Even in times of peace in Lebanon there is still a war raging. Lebanon battles it’s Arab neighbors for the title of ‘Creator of Hummus’. They even went as far as trying to copyright it! This battle has raged on for years, and still no real resolution as to who the real creator of hummus is. In May 2010, the Guinness World Record awarded Lebanon with the largest dish of hummus in the world. The winning dish, cooked by 300 cooks in the village of al-Fanar, near Beirut, weighed 10,452 kg (22,994 lbs, equal to 11.5 U.S. tons). Yes, that’s right, the Lebanese are serious about hummus; actually they are serious about food…period.
Mediterranean Food Origin is Shared Between Many Countries
This fight over hummus surprised me considering I had always thought Greece was the creator of hummus. After all, it’s what’s on every Greek restaurant menu. However my time in Lebanon taught me something very important; hummus, tabouleh, dolma, and falafel are simply Mediterranean food. And since Lebanon is on the Mediterranean then food in Lebanon is also dominated by these staple dishes.
Lebanese Food Culture
When I arrived, I clearly wasn’t very well versed in Lebanese food, but many of my foodie friends such as Alison from Cheeseweb and Lisa from LLWorld Tour had raved to me about Lebanese food, so I was eager to try it. Even though my host mom, Mira, told me she didn’t cook much, I was still able to get a taste of daily cooking in Lebanon thanks to her kind neighbors. They brought dishes by daily for me to try; what treatment! If that wasn’t enough, I was also often invited to dinner at people’s homes and treated like a visiting child from college getting showered with attention and food. I was even sent home with leftovers!
The Lebanese, like Jordan, have that incredible ‘guest culture’ that makes me love the middle east. They want you to love their culture and their country. And they know the fastest way to someone’s heart is through their stomach!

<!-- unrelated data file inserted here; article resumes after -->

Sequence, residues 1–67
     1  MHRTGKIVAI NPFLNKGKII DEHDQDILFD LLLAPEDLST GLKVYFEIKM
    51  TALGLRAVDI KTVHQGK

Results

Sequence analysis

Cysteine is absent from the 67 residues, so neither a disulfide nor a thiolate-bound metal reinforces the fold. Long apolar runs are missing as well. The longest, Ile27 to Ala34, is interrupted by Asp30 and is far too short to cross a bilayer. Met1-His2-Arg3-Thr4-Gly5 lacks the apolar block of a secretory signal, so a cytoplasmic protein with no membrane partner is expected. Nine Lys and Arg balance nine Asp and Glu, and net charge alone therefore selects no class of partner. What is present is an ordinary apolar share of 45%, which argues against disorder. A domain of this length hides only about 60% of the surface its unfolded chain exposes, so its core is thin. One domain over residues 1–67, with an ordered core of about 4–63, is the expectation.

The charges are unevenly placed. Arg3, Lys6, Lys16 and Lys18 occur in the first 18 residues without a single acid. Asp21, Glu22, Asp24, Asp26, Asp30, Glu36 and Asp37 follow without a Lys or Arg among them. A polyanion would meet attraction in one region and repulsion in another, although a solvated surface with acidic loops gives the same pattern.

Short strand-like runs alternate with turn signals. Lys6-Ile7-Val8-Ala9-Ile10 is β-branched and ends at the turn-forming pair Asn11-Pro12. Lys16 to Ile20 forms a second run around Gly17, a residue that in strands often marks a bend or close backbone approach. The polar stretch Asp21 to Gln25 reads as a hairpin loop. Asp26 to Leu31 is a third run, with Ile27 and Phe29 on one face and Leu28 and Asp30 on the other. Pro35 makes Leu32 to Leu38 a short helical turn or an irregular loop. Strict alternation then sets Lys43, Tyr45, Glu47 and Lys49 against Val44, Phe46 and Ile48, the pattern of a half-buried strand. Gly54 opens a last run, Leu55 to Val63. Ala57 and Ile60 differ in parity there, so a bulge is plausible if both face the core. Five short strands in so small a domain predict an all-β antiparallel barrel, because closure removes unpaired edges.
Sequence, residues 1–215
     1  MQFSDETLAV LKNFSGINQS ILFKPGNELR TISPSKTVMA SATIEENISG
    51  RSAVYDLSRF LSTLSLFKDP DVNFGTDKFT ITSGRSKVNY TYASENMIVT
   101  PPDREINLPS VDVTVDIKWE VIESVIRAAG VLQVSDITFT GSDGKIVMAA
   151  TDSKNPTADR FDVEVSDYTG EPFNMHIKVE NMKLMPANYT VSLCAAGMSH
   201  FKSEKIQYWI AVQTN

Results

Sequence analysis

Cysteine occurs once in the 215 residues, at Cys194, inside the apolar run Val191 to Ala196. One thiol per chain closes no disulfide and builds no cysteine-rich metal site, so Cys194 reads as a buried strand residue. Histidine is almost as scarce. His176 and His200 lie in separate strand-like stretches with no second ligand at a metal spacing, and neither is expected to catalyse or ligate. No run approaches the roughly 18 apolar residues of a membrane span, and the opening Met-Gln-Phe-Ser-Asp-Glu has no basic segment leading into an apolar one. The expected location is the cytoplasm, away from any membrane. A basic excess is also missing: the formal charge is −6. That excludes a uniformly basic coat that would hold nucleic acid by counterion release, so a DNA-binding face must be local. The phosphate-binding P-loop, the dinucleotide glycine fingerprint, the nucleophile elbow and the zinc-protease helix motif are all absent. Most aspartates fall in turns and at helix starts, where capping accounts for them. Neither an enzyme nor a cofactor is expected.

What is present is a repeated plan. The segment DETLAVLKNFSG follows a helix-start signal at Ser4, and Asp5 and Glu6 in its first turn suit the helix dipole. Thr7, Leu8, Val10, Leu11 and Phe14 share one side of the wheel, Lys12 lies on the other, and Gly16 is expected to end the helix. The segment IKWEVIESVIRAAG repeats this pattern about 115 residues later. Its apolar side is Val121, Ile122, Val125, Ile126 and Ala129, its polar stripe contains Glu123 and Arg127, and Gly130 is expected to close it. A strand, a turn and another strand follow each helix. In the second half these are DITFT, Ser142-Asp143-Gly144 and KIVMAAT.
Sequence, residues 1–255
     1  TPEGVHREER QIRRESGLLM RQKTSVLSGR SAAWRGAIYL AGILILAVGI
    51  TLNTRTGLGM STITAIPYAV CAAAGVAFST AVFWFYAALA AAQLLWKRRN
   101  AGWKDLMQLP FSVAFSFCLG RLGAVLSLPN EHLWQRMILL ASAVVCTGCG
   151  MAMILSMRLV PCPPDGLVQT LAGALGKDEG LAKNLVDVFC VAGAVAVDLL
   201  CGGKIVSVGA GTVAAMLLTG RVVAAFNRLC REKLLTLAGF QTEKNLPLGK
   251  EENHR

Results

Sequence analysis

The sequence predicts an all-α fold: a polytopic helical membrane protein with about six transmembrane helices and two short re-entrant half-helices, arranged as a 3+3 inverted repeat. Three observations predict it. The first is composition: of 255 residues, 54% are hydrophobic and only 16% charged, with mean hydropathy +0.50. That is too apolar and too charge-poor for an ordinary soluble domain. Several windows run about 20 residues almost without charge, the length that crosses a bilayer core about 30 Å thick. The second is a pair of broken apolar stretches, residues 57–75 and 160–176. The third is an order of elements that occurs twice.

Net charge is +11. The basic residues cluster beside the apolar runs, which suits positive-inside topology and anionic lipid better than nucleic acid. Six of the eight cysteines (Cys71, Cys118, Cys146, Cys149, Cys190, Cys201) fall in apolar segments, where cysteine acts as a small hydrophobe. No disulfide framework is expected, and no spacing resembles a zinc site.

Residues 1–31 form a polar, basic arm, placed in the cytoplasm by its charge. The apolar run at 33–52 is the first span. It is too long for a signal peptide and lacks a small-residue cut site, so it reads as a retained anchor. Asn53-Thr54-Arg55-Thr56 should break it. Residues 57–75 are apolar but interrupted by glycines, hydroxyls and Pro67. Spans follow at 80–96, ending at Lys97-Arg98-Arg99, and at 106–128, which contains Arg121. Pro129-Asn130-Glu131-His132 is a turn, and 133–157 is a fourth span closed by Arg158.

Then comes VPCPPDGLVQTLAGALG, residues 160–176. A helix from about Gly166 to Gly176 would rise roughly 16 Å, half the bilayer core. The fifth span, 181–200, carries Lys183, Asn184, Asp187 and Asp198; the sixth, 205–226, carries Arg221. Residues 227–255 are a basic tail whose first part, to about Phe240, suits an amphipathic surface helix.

The Mediterranean Basics You’ll Find in Lebanon
Tabouleh, hummus, falafel, and shwarma are the staples that we are all familiar with and most of us have probably tried before. To be in the land where these items were originally created is a true treat. One of the key ingredients that I would see over and over in Lebanese food was mint. It dominated everything from salads to sandwiches giving everything a fresh taste. A simple sandwich of cucumber, tomato and mint was common for lunch.
Fattoush was also a common salad eaten weekly. It was simple, fresh, and green; filled with cucumber, parsley, tomato, and green onions. But my favorite was of course the falalfel with it’s tangy white sauce and handfuls of mint.
Much like Jordan, bread was a dominant player in everyday food of the Lebanese. It came in all shapes and sizes, but my favorite was the ka’ak bread. It immediately caught my eye the first day I was walking around Beirut when a bicycle vendor was parked by a big traffic circle with stacks of something that looked like handbags hanging from hooks. Upon closer look, I realized it wasn’t brown leather handbags, instead it was bread! Sesame covered bread that was puffed up and shaped like a handbag.
Ka’ak refers to a bread made in a large ring-shape and is covered with sesame seeds. Fermented chickpeas are used as a leavening agent. Ka’ak is meant to be eaten warm, hot out of the oven; I preferred to have some cheese slathered on the inside of the hot steaming bread which made for a delicious snack.
Breakfast Food in Lebanon
The first morning in Beirut my host mom ordered manoushe for breakfast; it was my first of many manoushe that month, but I enjoyed every one of them! Manoushe is a thick, slightly sweet bread with olive oil and za’atar. Za’atar is the commonly seen spice in the Middle East – a mix of dried herbs (thyme, sesame seeds, oregano, and sumac), that you could smell from far away.
The manoushe was quite often served with lebne and za’atar for breakfast. This delicious morning meal was my go to choice! Lebne is a tangy yogurt cream cheese that you can spread on anything! It’s made by simply removing the water/liquid from regular yogurt by hanging in a cheesecloth from the sink for a day or two. Once again, the manoushe was best if it was warm out of the oven coupled with a fresh squeezed glass of orange juice for breakfast.
For those with a breakfast sweet tooth, then you can opt for knafeh. I quickly learned that the Lebanese knafeh was vastly different than the Jordanian knaffe. First of all, Jordanians eat knafeh for dessert only, but the Lebanese eat it for breakfast…in between sesame buns.